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NUI Galway Offers Information Sessions and Workshops to Promote Worldwide Stop Pressure Ulcer Day
Thursday, 14 November 2013
NUI Galway researchers Professor Caroline McIntosh and Dr Georgina Gethin are linking up with the Western Branch of the Wound Management Association of Ireland, UCHG, Community nursing services HSE West to raise awareness of pressure ulcers and their prevention. As part of ‘Worldwide Stop Pressure Ulcer Day’ on Thursday, 21 November, information sessions and workshops will be available in Áras Moyola, NUI Galway from 1-2pm and in the foyer of UCHG all day.
Students of NUI Galway’s School of Nursing and Midwifery and Discipline of Podiatry along with the wound management association of Ireland western branch have been awarded a grant from EXPLORE grant scheme in NUI Galway to develop information leaflets for patients, families and carers to raise awareness and help in prevention. This project will run over the next year and will be of strategic importance as it engages future generations of health professionals, researchers, and voluntary organisations and will tap into the creativity and enthusiasm of these students for the benefit of all.
What are pressure ulcers?
A pressure ulcer or bed sore is not just a short term problem, it can cause immense suffering, inconvenience, reduced quality of life and in some cases death and are extremely costly and time consuming to treat. Pressure ulcers, first recorded in Egyptian mummies, are still a problem today despite significant advances in healthcare, increased technology, more complex surgeries and increased survivorship from major traumas. Much can still be done to prevent them, including raising awareness, increased education and the use of modern technology and equipment.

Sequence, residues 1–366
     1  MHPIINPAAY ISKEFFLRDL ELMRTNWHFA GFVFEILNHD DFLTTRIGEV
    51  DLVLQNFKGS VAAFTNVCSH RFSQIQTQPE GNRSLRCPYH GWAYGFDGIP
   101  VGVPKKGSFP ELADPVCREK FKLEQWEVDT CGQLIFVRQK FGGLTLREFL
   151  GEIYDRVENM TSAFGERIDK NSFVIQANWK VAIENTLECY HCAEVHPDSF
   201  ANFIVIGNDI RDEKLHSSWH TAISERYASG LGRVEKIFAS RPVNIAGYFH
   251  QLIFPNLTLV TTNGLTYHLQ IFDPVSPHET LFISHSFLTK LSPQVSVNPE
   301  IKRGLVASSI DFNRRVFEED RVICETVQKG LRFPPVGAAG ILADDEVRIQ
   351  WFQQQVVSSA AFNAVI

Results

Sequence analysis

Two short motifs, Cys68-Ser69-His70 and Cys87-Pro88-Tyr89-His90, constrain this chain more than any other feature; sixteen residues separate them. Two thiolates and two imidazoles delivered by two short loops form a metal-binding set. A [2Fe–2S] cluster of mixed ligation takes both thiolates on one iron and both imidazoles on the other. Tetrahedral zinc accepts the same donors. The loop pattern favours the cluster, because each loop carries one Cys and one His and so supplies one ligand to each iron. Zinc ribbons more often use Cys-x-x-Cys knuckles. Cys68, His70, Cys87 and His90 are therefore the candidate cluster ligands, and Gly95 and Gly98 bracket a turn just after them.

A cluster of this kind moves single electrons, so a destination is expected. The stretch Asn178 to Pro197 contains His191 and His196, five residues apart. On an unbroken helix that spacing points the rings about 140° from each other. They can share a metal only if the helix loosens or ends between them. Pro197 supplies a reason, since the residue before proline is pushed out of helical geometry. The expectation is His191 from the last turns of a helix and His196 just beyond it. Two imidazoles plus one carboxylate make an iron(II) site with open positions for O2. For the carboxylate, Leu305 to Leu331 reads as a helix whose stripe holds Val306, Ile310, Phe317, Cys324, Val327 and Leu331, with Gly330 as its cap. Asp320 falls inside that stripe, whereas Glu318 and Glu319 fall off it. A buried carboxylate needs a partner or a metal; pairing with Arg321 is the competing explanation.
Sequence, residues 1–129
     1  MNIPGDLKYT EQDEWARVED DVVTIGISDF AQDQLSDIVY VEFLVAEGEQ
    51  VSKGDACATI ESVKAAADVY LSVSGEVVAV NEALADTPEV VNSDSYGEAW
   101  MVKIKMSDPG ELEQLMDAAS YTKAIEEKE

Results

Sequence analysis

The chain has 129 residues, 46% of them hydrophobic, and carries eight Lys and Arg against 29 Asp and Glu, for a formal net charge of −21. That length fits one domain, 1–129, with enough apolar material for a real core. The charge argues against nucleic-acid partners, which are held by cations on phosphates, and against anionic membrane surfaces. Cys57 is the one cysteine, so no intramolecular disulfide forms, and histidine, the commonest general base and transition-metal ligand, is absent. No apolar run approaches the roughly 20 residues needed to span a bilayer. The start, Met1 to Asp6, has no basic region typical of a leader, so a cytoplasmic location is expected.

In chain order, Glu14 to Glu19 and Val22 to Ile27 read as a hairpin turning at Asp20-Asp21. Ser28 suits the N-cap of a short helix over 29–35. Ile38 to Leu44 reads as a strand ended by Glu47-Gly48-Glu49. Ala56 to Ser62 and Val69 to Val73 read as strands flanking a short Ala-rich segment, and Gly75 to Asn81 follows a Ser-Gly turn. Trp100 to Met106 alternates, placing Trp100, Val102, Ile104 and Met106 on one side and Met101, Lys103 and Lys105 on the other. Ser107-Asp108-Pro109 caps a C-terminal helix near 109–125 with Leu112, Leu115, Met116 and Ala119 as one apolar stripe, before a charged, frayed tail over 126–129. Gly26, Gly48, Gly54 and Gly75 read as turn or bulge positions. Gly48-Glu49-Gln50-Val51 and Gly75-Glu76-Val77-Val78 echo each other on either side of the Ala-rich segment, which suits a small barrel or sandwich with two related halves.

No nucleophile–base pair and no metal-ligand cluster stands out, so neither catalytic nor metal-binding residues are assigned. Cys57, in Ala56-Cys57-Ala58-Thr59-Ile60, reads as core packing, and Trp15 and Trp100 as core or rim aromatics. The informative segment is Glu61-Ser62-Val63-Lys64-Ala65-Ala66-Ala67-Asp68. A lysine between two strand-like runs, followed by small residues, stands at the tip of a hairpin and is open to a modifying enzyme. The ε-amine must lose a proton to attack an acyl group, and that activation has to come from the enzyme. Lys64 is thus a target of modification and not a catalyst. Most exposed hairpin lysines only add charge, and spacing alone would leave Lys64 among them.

A pressure ulcer, also called a pressure sore or bed sore, is localised injury to the skin and/or underlying tissue usually over a bony prominence, as a result of pressure, or pressure in combination with shear. The term bed sore is misleading as it implies that the development of sores or ulcers is limited to those confined to bed. However, anyone with limited or restricted mobility is at risk and this risk increases if they become acutely ill, if they cannot feel their skin is under pressure or from a variety of other factors.
The changing profile of the population with people living longer but also with increased prevalence of chronic disease, increased prevalence of diabetes and obesity means that the risk of pressure ulcers will remain well into the future.
The costs of pressure ulcers
There are no European wide estimates of the total cost of pressure ulcer prevention and treatment. Within specific countries the high cost of pressure ulcers has been identified. In the Netherlands, 1% of all health care expenditure was calculated to be spent on pressure ulcer care.
In the UK national the cost of pressure ulcers to the NHS is between £1,760 million and £2,640 million each year, making pressure ulcers the single most costly chronic wound to the Health Service.
Author: Marketing and Communications Office, NUI Galway